Remember the lead-up to the 2020 NBA draft, when people were openly questioning whether Anthony Edwards had the makeup mentally to be a contributor to a pro team and whether he cared enough about the game to be any good? Or remember the many, many times stat nerds with media mouthpieces pointed out that Ricky Rubio is one of the worst-shooting point guards of the past 40 years? Or maybe the chorus of voices who looked at his time with Andrew Wiggins as his best teammate as a sign that the career of Karl-Anthony Towns was going nowhere fast? Or …

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Welcome to the Indiana Pacers Collapse

On January 27, the Indiana Pacers beat the Charlotte Hornets 116-106, ran their record to 11-7, and looked like they might even make a surge and ride it all the way to a top-3 seed in the Eastern Conference, which is as bad as any NBA conference has been below its top teams in 40 years. As this article goes to press, the Pacers are 15-18, losing four straight and five of their last six. They are 4-11 since that win in late January. The natural question is “what happened?” Well, you know how the cracks were showing as early …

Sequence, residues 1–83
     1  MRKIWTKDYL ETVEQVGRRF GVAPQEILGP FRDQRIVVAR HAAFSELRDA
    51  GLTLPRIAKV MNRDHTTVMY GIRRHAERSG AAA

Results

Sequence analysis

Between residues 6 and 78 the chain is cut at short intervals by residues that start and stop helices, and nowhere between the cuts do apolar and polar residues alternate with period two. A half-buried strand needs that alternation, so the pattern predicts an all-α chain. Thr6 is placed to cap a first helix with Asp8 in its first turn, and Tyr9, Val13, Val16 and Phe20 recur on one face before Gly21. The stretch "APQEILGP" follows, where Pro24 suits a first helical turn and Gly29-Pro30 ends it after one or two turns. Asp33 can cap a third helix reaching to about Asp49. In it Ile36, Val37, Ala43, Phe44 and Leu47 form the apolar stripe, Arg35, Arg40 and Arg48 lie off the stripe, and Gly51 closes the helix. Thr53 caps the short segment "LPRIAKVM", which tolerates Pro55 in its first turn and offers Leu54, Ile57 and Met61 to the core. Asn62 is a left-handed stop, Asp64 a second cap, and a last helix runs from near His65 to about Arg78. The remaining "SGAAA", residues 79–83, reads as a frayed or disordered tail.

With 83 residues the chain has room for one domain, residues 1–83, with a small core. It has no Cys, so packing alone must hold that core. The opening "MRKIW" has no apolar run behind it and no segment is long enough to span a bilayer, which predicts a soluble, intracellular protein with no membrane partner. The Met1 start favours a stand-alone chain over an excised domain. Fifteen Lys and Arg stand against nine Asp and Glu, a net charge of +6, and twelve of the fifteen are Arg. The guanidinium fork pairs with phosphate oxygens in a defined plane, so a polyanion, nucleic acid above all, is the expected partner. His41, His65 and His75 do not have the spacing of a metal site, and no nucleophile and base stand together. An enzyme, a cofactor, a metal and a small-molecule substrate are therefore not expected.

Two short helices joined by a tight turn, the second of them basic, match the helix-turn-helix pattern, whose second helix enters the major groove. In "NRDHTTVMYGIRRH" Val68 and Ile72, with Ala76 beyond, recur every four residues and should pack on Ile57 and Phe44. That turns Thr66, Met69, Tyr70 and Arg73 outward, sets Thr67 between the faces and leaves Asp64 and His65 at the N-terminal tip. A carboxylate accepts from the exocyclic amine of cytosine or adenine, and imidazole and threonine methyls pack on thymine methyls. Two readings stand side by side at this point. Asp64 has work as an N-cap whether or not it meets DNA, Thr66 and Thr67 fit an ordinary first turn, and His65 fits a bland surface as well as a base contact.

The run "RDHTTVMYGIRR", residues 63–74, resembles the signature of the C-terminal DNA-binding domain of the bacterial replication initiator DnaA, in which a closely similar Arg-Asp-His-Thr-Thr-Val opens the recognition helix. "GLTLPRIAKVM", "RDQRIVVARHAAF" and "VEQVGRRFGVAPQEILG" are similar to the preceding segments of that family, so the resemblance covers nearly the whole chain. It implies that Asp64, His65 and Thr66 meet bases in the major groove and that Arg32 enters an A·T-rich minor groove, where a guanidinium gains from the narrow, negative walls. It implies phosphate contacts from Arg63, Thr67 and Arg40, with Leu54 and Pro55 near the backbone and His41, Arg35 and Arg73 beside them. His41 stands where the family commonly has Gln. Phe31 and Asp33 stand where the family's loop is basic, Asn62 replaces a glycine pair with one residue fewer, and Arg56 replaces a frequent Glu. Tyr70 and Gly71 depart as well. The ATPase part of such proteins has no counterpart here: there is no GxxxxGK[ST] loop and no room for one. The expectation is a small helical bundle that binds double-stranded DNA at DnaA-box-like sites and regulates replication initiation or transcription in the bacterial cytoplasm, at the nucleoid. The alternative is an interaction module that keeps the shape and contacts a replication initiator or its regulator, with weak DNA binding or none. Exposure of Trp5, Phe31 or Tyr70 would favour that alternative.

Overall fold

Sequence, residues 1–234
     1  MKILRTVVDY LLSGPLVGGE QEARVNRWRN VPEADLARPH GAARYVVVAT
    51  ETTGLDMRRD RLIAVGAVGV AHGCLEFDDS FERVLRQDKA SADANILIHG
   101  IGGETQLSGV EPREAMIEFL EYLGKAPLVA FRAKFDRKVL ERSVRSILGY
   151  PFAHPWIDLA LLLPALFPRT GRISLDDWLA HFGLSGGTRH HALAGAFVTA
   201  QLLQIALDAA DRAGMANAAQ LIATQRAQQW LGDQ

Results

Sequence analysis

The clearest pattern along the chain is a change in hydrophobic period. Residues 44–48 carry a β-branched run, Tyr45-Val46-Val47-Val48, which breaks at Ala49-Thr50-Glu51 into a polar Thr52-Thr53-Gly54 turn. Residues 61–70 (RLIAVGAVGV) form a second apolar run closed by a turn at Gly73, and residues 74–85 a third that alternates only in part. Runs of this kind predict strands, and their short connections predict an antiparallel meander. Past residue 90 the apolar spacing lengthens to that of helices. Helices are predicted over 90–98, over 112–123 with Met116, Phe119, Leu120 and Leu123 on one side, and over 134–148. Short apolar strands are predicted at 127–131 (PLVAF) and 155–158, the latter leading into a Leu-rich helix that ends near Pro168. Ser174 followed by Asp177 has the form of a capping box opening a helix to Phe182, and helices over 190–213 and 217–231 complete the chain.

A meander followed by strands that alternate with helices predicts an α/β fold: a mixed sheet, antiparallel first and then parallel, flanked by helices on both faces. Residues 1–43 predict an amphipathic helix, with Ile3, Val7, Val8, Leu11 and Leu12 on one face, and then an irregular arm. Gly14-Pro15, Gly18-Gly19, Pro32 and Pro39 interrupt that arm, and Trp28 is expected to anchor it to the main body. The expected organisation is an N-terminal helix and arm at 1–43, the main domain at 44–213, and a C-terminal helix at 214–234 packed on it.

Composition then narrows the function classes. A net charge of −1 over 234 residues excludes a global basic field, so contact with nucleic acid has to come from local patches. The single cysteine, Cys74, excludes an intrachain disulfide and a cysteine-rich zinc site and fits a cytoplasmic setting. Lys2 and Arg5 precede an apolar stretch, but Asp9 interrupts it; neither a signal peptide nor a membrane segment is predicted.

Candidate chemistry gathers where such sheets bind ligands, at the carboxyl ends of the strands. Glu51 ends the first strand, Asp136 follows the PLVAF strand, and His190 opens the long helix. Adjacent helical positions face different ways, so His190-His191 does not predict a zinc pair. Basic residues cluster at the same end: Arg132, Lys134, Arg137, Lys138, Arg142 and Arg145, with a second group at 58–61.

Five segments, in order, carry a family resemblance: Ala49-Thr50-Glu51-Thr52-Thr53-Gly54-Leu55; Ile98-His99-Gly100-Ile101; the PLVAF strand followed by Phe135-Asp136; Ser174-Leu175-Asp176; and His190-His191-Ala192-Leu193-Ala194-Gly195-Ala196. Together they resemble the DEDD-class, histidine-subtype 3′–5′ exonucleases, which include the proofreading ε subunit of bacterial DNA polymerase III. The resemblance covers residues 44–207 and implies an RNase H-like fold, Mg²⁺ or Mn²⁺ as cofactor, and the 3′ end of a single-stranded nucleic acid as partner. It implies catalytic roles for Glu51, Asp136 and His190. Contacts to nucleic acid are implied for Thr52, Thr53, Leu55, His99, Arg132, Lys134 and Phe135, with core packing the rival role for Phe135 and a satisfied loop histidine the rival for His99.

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Examining the Lakers Without Anthony Davis

The Los Angeles Lakers found themselves without the services of their second and, arguably, third-best players in Anthony Davis and Dennis Schroder during a stretch in which they lost four in a row and five out of six games to drop from 21-6 and nipping at the heels of the red-hot Utah Jazz (who are an astonishing 27-7 and look every bit like a Finals team) to 22-11 and at risk of falling below the Phoenix Suns and Los Angeles Clippers to drop all the way into fourth place and a second-round matchup with that Jazz team. The moral of …